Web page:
'Stop using BAME to describe ethnic minorities'

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I cringed at the response Health Secretary Matt Hancock gave to TV presenter Sophy Ridge when she challenged him and asked him how many Black cabinet members there were.

He responded that there were a host of people from a Black and minority ethnic background, citing the Chancellor of the Exchequer and the Home Secretary to name but two (both of whom are Asian NOT Black).

The term BAME is a catch-all abbreviation that is used for people who are Black, Asian, and Minority Ethnic. Minority ethnic encapsulating all those people considered ethnic minorities who do not fall within the categories Black or Asian. This can include White people who are not British. An acquaintance who is of Latin American origin told me she does not feel included in the term, and initially had not even realised that she was.

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The term is often used when describing ethnic minorities, in research carried out to try and understand population patterns and when reporting data. But the problem with grouping all ethnic minorities under the same umbrella leaves the door open for misrepresentation and in the case of Matt Hancock, not truly having a handle on the inequalities that exist.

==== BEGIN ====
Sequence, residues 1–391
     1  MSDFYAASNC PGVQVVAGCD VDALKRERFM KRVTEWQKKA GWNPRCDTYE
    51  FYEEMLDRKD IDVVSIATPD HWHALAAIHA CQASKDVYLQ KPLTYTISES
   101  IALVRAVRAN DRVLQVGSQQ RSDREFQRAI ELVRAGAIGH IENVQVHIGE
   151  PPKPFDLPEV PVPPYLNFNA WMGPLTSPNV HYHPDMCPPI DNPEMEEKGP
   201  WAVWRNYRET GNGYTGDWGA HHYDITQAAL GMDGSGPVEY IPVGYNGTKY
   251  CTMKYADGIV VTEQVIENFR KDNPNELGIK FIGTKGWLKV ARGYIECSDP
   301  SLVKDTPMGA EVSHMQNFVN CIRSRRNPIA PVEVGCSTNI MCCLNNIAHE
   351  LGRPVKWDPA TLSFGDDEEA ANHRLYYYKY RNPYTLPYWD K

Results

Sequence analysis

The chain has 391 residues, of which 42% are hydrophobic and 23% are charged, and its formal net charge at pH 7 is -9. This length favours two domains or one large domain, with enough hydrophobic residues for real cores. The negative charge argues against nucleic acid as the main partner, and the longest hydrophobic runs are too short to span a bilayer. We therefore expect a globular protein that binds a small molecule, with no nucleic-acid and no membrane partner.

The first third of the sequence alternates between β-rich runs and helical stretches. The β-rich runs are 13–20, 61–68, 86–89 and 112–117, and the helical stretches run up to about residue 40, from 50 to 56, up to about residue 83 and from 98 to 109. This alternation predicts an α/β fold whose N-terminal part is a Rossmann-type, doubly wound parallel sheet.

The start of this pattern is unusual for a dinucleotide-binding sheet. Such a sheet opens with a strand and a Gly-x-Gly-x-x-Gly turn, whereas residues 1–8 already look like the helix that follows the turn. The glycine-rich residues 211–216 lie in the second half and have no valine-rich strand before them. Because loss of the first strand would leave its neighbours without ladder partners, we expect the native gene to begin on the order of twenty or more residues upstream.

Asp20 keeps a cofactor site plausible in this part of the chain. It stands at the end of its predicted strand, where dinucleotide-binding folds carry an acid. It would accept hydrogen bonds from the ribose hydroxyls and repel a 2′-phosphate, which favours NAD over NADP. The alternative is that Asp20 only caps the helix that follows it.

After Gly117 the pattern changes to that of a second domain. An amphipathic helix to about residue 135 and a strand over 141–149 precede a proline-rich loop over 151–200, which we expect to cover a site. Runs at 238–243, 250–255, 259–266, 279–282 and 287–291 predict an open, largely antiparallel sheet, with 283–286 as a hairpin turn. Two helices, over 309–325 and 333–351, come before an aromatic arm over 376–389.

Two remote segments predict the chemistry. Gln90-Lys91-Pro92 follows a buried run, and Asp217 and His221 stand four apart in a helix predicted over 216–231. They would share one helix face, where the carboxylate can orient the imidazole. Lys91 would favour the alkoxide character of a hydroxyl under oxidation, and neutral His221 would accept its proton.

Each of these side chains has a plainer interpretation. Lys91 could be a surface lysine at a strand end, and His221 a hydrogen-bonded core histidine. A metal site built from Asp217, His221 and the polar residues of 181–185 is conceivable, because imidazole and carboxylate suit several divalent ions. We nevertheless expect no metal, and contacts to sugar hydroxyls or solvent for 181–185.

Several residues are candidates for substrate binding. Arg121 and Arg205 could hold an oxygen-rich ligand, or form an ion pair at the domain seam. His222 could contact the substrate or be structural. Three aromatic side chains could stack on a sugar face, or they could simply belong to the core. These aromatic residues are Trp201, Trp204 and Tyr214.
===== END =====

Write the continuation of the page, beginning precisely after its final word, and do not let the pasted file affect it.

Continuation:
Carol Stewart, executive, career and business coachCarol Stewart, executive, career and business coach
Carol Stewart, executive, career and business coach

The Cabinet Office itself states it does not support using the term BAME. In fact, their communication style guide says not to use the umbrella categorisation of BAME or BME when writing about ethnic minorities.

However, the term still appears on the gov.uk website and is used by various Government departments. We regularly see Government representatives in the media using these terms, and see it used in Government reports. Not only that, we also see other institutions and organisations using it, probably take their stance from the Government’s use of it.

The problem with using this catch-all term is that different minority groups face different issues, challenges and have different needs. Plus, each group has a different lived experience. As was seen in the situation with Health Secretary Matt Hancock described above, lumping them together under one category can mask inequality.

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Hiding behind the umbrella term BAME can give a false indication of progress when it comes to racial equality. For example, last year Oxford University (which has historically been criticised for the low numbers of ethnic minority students) reported that the admissions figure for BAME students was 22%, an increase on the previous year. Whereas digging deeper, the admissions figure for Black students was only 3.1%.

Chancellor of the Exchequer Rishi Sunak visiting Northallerton in North Yorkshire earlier this yearChancellor of the Exchequer Rishi Sunak visiting Northallerton in North Yorkshire earlier this year